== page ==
Yellowstone Volcano Eruption in 2014? Are Animals Fleeing Park As ‘An Alert’?

This map from the U.S. Geological Service shows the range of the volcanic ash that was deposited after the biggest of the Yellowstone National Park eruptions around 2.1 million years ago.

This map from the U.S. Geological Service shows the range of the volcanic ash that was deposited after the biggest of the Yellowstone National Park eruptions around 2.1 million years ago. "These eruptions left behind huge volcanic depressions called 'calderas' and spread volcanic ash over large parts of North America," it said. "If another large caldera-forming eruption were to occur at Yellowstone, its effects would be worldwide. Thick ash deposits would bury vast areas of the United States, and injection of huge volumes of volcanic gases into the atmosphere could drastically affect global climate. Fortunately, the Yellowstone volcanic system shows no signs that it is headed toward such an eruption in the near future. In fact, the probability of any such event occurring at Yellowstone within the next few thousand years is exceedingly low."

A number of bloggers are posting videos that show bison and other animals allegedly leaving Yellowstone National Park, prompting theories that as earthquakes ramp up the seismic activity will set off the Yellowstone supervolcano.

Two of the main bloggers behind the discussion stress that there’s no way to know when the supervolcano will go off but note that the 4.8 magnitude earthquake that hit on March 30 seemed to set off a reaction from the animals, who are moving for a reason.

“Whether I believe this, or whether I don’t believe the story or not, I don’t know. I can tell you this story I saw this morning about the buffaloes running the street … whether or not it’s because of any activity in Yellowstone or not, I don’t know,” said blogger Jay Lee, who posted a story on his site tatoott1009.com.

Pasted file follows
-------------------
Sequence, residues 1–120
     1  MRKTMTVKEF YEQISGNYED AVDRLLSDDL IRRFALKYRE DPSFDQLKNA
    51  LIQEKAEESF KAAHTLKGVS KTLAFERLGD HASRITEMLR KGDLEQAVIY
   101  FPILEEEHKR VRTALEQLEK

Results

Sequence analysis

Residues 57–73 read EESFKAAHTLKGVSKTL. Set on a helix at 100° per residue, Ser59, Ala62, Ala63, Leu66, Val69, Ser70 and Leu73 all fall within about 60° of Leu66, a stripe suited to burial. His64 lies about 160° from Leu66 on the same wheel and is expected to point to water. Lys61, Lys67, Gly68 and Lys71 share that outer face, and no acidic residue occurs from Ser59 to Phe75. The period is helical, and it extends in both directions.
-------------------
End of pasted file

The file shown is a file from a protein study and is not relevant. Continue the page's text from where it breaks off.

“But I’ll tell you this, whatever the case may be, that their running away from Yellowstone is an alert of some sort.”

“It also could be from this video, where poachers are killing them, chasing them, abusing them, running them around,” he said. “Could be hundreds of things for them to be running. I wanted you to listen [to the videos] and make up your own mind on what to think. “

A series of smaller quakes have hit the region over the past few weeks, and those quakes have been linked to the recent 5.1 magnitude quake (and aftershocks) that hit in the Los Angeles region.

Tom Lupshu, who describes himself as a “noted Ohio survivalist and search-and-rescue expert,” said on YouTube that nearly one quarter of the northern elk herd at Yellowstone National Park are missing, according to the annual winter count.

“Biologists aren’t sure if there’s been a stunning decline in the herd or if other factors have skewed the tally,” he said. “Current Helium releases at 1000 times above normal. Complete media blackout. Herds of bison running for their lives on the public roadways and they were not being chased or rounded up, the bison were running down the mountain slopes onto roadways running right past a filming crew. They detect something vast and deadly. The Yellowstone Supervolcano is the only thing there that would fit the bill.”

Lupshu said in a later video that scientists say they can’t predict when the Supervolcano will erupt.

“But one thing is for sure. The more the Earthquakes in the region, the more are the chances of the volcano being activated from its dormant state. Last time an earthquake struck in 1980. But the force of nature has acted up once again.”

The supervolcano refers to the huge magma chamber beneath the park, which is in Wyoming.

Next page see: Supervolcano Far Bigger Than Thought


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